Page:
Travellers in England could be hit with a £5,000 fine for trying to travel abroad without good reason.
The new coronavirus laws, set to be introduced next week, suggest anyone who leaves England for a destination outside the UK without a reasonable excuse, such as for work, education or medical treatment, could face a £5,000 fine. Foreign holidays are not allowed under COVID “stay at home” rules which end on Monday. Anyone travelling abroad has to fill in a “Declaration to Travel” form, stating a valid reason for leaving the country.
Under the current roadmap for easing restrictions, the earliest date people in England would be able to go abroad for a holiday would be May 17. But a third wave of COVID infections coupled with a slow roll out of vaccines across Europe have cast doubts on plans to open up international travel. From next week, the ban on leaving the UK will become a specific law will be backed up by the threat of the fine.
New variants could put vaccine roll out at risk
Health Secretary Matt Hancock said the restrictions on travelling abroad were necessary to guard against the importation of large numbers of cases and new variants which might put the vaccine rollout at risk. Prime Minister Boris Johnson has also warned that the UK should be “under no illusion” that it will feel the effects of a rising number of cases on the continent.
The UK currently operates a “red list” of countries, with people from those countries not currently allowed to travel to the UK, with the exception of British nationals and those normally resident in the UK. Those allowed to travel from red list countries are required to undertake mandatory hotel quarantine on their return which they must pay for themselves. The list is regularly reviewed with countries being added or removed depending on their COVID situation.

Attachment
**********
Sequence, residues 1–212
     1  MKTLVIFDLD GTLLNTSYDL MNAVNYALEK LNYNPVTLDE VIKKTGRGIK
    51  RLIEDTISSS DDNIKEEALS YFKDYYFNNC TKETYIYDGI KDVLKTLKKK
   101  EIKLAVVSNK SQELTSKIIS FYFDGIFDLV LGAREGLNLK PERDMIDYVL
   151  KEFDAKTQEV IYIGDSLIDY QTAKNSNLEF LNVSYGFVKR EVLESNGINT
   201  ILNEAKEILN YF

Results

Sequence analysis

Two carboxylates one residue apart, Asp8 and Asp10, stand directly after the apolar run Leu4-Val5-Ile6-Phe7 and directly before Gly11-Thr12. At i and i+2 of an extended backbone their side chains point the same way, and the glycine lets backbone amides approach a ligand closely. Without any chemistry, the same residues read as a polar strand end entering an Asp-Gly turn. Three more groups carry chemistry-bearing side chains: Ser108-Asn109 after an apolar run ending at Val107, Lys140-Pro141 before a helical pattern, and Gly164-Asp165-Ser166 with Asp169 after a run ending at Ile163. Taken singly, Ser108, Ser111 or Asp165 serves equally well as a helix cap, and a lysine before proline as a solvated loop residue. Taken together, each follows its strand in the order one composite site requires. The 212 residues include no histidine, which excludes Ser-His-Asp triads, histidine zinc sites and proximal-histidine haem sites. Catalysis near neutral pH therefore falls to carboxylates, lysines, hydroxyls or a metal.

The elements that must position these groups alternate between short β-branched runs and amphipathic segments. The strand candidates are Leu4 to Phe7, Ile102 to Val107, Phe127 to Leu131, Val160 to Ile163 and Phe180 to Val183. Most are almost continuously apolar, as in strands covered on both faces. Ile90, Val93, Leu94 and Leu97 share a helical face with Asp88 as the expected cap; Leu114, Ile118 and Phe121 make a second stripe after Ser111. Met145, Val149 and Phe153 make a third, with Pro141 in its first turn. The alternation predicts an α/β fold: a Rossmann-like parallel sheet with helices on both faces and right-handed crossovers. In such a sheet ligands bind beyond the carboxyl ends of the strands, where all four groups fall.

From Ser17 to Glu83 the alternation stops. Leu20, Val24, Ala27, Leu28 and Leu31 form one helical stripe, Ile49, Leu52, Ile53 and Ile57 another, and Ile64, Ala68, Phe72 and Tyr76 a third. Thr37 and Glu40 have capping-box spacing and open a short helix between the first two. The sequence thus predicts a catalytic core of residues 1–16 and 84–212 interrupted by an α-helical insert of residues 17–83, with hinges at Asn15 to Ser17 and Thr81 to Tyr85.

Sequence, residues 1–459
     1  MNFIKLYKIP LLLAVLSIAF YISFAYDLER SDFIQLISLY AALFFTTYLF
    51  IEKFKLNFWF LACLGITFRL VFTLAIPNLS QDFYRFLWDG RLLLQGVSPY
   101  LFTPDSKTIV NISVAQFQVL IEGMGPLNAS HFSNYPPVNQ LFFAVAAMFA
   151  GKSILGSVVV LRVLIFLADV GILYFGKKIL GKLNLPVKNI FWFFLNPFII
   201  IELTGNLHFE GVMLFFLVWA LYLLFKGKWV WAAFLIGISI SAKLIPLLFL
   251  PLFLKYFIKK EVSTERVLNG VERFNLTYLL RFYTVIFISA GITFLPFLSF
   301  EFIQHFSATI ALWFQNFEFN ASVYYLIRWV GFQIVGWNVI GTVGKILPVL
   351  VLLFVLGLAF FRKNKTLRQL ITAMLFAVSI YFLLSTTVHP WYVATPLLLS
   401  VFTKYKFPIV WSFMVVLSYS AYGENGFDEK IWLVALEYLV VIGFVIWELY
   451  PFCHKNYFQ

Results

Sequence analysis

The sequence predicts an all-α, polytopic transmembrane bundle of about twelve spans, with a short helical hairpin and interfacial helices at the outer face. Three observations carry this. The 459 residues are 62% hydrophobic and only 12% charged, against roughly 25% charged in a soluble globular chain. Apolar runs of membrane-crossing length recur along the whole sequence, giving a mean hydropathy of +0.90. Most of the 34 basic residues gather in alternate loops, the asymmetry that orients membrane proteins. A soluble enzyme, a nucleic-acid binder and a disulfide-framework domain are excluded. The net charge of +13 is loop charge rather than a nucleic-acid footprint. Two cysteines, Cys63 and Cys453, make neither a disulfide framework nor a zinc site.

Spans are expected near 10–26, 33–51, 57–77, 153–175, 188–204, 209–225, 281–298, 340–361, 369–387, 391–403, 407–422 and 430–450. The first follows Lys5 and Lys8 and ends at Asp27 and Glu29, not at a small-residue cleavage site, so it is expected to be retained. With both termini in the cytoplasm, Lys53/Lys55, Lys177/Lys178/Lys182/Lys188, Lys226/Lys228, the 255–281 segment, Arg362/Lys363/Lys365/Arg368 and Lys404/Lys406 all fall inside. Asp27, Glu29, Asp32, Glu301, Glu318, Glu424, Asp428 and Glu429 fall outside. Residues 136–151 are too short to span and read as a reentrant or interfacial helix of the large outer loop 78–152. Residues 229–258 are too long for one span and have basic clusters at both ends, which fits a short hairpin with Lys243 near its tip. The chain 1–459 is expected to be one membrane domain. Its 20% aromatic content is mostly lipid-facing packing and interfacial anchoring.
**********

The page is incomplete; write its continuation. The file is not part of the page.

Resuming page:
The government is considering a tiered or traffic light system for international travel when the ban on leaving the country is lifted. It intends to publish further guidance on April 12, with decisions about which countries are in which tier to be taken later.
“Framework for travel must be robust and workable”
Tim Alderslade, Chief Executive of Airlines UK, the industry association representing UK-registered carriers, called for airlines to be more involved in the Government’s framework for travel. He said: “It is too early to say what the state of COVID will be in Europe and globally in 10 weeks’ time. Our focus between now and then must be working with Ministers on a framework for travel that is robust and workable, and can stand the test of time as we enter the all-important summer period.”
“We have always said any reopening must be risk-based, but also led by the overriding assumption that as the vaccine rollout accelerates both here and abroad, a phased easing of restrictions is achievable. We know that universal, restriction-free travel is unlikely from May 17 but under a tiered system, based on risk, international travel can meaningfully restart and build up, with minimal restrictions in time.”
Testing for travellers aged under-18 is also being considered as coronavirus vaccines are not currently approved for under-18s. The UK’s devolved nations have the power to set their own coronavirus restrictions with Scotland and Wales currently stating that May 17 is the earliest date that people might be able to go abroad.